Civil Rights-Era Leaders: Martin Luther King Jr.

January 21, 2008
by findingDulcinea Staff
Martin Luther King Jr. was undeniably the most significant individual of the civil rights movement. An iconic and tireless leader, he was also a uniter, steadfastly committed to humanity, community, and justice.

Stanford’s King Institute is the Web’s best resource for researching the life and work of Dr. King. Find text and audio of his speeches, sermons, and papers in the King Papers Project or learn about his life in the King Encyclopedia.

The Early Years of the Civil Rights Movement

In 1955, King was elected to lead the Montgomery bus boycott. Following Rosa Parks’s arrest for refusing to give up her seat to a white man, blacks in Montgomery, Alabama boycotted the bus system for over a year, until a federal court ordered the buses to be desegregated. The boycott was one of the first victories for the civil rights movement and it established a model for nonviolent protest.

Following the success of the boycott, King became the first president of the Southern Christian Leadership Conference, or SCLC, a group dedicated to achieving equal rights through nonviolent resistance.

King made this appearance on the talk show Open Mind in 1957. He is introduced as a “new negro,” one who is willing to stand up and demand his rights, rather than act submissively like a “happy, acquiescent slave.”

Birmingham and “I Have a Dream”

In the spring of 1963, the SCLC launched a series of sit-ins, marches, and boycotts in Birmingham, Alabama. On April 12, King was arrested and put in jail, where he wrote “Letter from a Birmingham Jail.” In it, King defended the use of direct action and stated that, “injustice anywhere is a threat to justice everywhere.”

On August 28 more than 200,000 demonstrators marched on Washington in support of a civil rights bill. That day, King delivered his “I have a dream” speech that would become the defining moment of the civil rights movement and provide its most enduring images.

King was named Time’s Man of the Year for 1963.

The Voting Rights Act and the Nobel Peace Prize

On July 2, 1964, the work of King and the civil rights movement was finally rewarded, when President Lyndon Johnson signed the Civil Rights Act of 1964, which outlawed segregation in public places and forbid racial discrimination by private employers. The following year, the Voting Rights Act of 1965 was passed, which outlawed disenfranchisement through literacy tests and poll taxes, and allowed the federal government to intervene in areas with apparent discrimination. King became the youngest recipient of the Nobel Peace Prize.  In October 1964, at the age of 35.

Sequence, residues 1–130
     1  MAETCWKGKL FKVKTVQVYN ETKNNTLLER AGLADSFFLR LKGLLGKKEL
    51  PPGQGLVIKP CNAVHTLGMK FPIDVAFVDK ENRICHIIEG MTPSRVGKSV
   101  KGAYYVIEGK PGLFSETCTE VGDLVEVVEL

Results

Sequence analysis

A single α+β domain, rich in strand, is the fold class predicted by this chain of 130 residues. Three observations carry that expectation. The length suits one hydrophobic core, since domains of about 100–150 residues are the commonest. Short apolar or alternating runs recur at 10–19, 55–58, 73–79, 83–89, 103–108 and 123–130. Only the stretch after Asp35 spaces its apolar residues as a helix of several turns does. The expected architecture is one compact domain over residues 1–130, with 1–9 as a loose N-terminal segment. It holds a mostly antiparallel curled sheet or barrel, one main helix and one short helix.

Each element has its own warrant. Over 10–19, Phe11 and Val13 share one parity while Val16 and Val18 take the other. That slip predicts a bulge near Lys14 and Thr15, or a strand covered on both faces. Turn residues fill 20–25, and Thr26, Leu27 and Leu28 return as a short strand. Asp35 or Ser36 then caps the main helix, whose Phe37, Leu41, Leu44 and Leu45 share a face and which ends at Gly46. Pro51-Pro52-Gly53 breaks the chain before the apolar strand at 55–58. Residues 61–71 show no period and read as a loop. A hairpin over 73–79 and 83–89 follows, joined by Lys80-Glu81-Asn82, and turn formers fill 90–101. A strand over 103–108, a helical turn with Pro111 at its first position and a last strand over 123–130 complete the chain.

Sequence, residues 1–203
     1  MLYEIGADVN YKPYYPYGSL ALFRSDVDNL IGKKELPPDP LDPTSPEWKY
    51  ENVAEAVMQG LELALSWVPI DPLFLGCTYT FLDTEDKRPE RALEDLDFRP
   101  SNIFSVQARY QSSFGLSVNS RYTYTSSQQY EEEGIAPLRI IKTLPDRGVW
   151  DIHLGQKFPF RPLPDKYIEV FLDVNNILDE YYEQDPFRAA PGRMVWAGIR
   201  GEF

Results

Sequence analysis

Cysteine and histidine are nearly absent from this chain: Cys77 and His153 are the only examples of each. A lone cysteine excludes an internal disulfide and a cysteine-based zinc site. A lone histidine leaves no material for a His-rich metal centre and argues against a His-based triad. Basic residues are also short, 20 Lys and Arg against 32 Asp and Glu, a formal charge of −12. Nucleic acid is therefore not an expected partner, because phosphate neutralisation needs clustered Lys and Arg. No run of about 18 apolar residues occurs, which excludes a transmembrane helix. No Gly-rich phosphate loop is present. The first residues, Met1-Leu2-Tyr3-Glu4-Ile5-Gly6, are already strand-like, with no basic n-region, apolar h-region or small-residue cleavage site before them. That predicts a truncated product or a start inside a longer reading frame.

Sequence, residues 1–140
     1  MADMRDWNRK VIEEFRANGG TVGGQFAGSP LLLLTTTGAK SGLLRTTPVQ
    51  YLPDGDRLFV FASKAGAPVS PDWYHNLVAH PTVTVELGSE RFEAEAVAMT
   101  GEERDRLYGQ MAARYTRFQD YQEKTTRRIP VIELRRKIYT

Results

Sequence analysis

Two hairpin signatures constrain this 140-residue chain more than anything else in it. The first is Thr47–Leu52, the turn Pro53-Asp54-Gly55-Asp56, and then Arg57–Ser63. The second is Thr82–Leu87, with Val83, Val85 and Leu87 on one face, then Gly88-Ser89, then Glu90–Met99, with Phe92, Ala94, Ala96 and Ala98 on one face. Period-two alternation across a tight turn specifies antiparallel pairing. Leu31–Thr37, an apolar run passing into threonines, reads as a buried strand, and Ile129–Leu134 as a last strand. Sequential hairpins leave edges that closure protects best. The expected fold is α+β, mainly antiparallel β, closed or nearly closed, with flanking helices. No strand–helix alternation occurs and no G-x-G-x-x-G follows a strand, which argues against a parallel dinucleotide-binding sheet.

In spring of 1968, King was campaigning for the rights of black workers in Memphis. On April 3, he delivered a speech now called “I’ve been to the mountaintop,” in which he stated, “I've seen the Promised Land. I may not get there with you. But I want you to know tonight, that we, as a people, will get to the Promised Land.”

The following day, while standing on the balcony of the Lorraine Hotel, King was shot by James Earl Ray. He died just over an hour later. Robert F. Kennedy, speaking at a campaign rally that night, echoed the ideals that King had lived and died for: “What we need in the United States is not division; what we need in the United States is not hatred; what we need in the United States is not violence and lawlessness; but love and wisdom, and compassion toward one another, and a feeling of justice toward those who still suffer within our country, whether they be white or whether they be black.”

Honoring Dr. King’s Legacy

Coretta Scott King’s “Meaning of the Martin Luther King Jr. Holiday” is available at Web site of the King Center, the official memorial of Dr. King.

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